We decided eat first - shop later. The food stalls offered local and hearty Hungarian foods. Jim's dish turned out to be the best - stuffed cabbage rolls. Definitely didn't look great but he said it was the closest to his Grandmas that he's ever had.

We also discussed whether or not to purchase the "On and Off Bus" ticket and after looking at the price vs what you got - we did buy them. Cost was about $20 USD per person for 48 hours and we got the seller to throw in a third day. In the end, we weren't disappointed. We used the pass for transportation, a walking tour and a boat tour on the Danube. Along with the pass we did a lot of walking and used the Metro when needed. Budapest is a very walkable city, great little surprise views at every turn.

The location of our apartment was great - the State Opera House (supposedly the most beautiful in Eastern Europe) was a 5 minute walk. There are tours every day and we decided on the late afternoon tour with the mini concert (a slightly higher price). The story goes that Sisi (Empress Elizabeth) loved Budapest and the Hungarian people and wanted her husband to fund an opera house in Budapest. His only stipulation was that it could not be bigger than the opera house in Vienna. So....when built, it was not bigger but most believe more beautiful. Franz Josef came for the opening of the opera house, stayed for two or three acts, left and never returned. Many believe it was because the Budapest Opera House was more beautiful than the Vienna.....or so the story goes.

Budapest Opera House

Budapest Opera House

Dinner that night was a little Thai place just down Andrassy Street. Though the food from this area of Europe is really good, it was nice to have break.

23 September 2015

With our Hopon/Hopoff Bus ticket we got a 2 hour walking tour of Budapest (note: guides work for tips and if you get a good guide they work hard). We were lucky to get a young Hungarian named Balint. He was an economics student at the local university, who knew his city very well and enjoyed filling us in on the highlights. Our two hour tour turned into three and that was just an overview of the main sites. There was about ten in our group so it was easy to get from place to place while Balint talked about local history and culture.

24 September 2015

We decided to try and pack in as much as we could today, since thunderstorms are predicted for tomorrow.

There were a couple of places from the walking tour that we wanted (and it was suggested by Balint) to return to. St Stephen's Basilica was one of them. It's HUGE!!! Also we were told that the view from the tower, along with Fisherman's Bastian, has some of the best views in Budapest. It was a little grey but we could see for miles.

From St Stephen's tower

From St Stephen's tower

After St Stephen's it was off to Cafe Gerbeaud for coffee and sweets. (Rosie - this was for you!!)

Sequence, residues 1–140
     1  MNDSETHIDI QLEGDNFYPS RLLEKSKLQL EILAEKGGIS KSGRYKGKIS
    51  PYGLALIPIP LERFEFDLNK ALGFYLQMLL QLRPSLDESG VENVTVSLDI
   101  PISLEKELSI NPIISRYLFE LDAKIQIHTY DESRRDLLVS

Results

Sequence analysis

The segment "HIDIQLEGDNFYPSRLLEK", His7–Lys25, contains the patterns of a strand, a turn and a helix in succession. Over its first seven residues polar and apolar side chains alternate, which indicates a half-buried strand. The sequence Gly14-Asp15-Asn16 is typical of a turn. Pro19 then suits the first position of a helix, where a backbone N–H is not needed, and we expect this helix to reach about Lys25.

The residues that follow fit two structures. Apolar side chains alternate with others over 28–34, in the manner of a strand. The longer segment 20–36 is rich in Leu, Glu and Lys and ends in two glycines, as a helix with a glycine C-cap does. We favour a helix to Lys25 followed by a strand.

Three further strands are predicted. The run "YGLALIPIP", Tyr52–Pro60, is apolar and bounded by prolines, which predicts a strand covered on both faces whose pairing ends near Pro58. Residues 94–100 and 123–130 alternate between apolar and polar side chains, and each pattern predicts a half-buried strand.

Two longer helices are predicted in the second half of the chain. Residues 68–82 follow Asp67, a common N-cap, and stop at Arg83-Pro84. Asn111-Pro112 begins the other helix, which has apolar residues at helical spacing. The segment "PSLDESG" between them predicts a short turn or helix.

Then it was off to the Jewish Quarter. As in Prague, the Jewish Quarters were major targets of the Nazi Regime. We decided to take a full tour of the area (about 2 hours) and we were glad we did. Walking the streets of the quarter, we stopped at various sites. One of these sites was simply a door to an apartment building. In front of the door, embedded in the sidewalk, were two small plaques with a name and date etched into each. Our guide explained there were call stolpersteins.

From WIKI: A stolpersteine (from German, literally "stumbling block") is a type of monument created by artist Gunter Demnig to commemorate victims of Nazi oppression, including the Holocaust. Stolpersteins are small, cobblestone-sized memorials for individual victims of Nazism. They commemorate individuals – both those who died and survivors – who were consigned by the Nazis to prisons, euthanasia facilities, sterilization clinics, concentration camps, and extermination camps, as well as those who responded to persecution by emigrating or committing suicide.

While the vast majority of stolpersteins commemorate Jewish victims of the Holocaust, others have been placed for Sinti and Romani people (also called gypsies), homosexuals, Jehovah's Witnesses, black people, Christians (both Protestants and Catholics) opposed to the Nazis, members of the Communist Party and the anti-Nazi Resistance, military deserters, and the physically and mentally disabled.

The list of places that have stolpersteins now extends to several countries and hundreds of cities and towns. As of 20 August 2014, over 48,000 stolpersteins have been laid in 18 countries in Europe,[1] making the project the world's largest memorial.

Leaving the Jewish Quarter, it was past lunch time and the dilemma - wait for dinner or just have a mid day dinner. We were having that exact discussion as we passed an Indian Restaurant (Shalimar) and the aromas from within sealed that decision. Indian it was and it was great. Our waitress was a woman from Indonesia which, of course, brought about conversations of our travels there. She was delightful and very funny. We were having a discussion regarding Jim and his need for a haircut. He decided to let our waitress decide if he need one....she was in full agreement with Brenda and myself.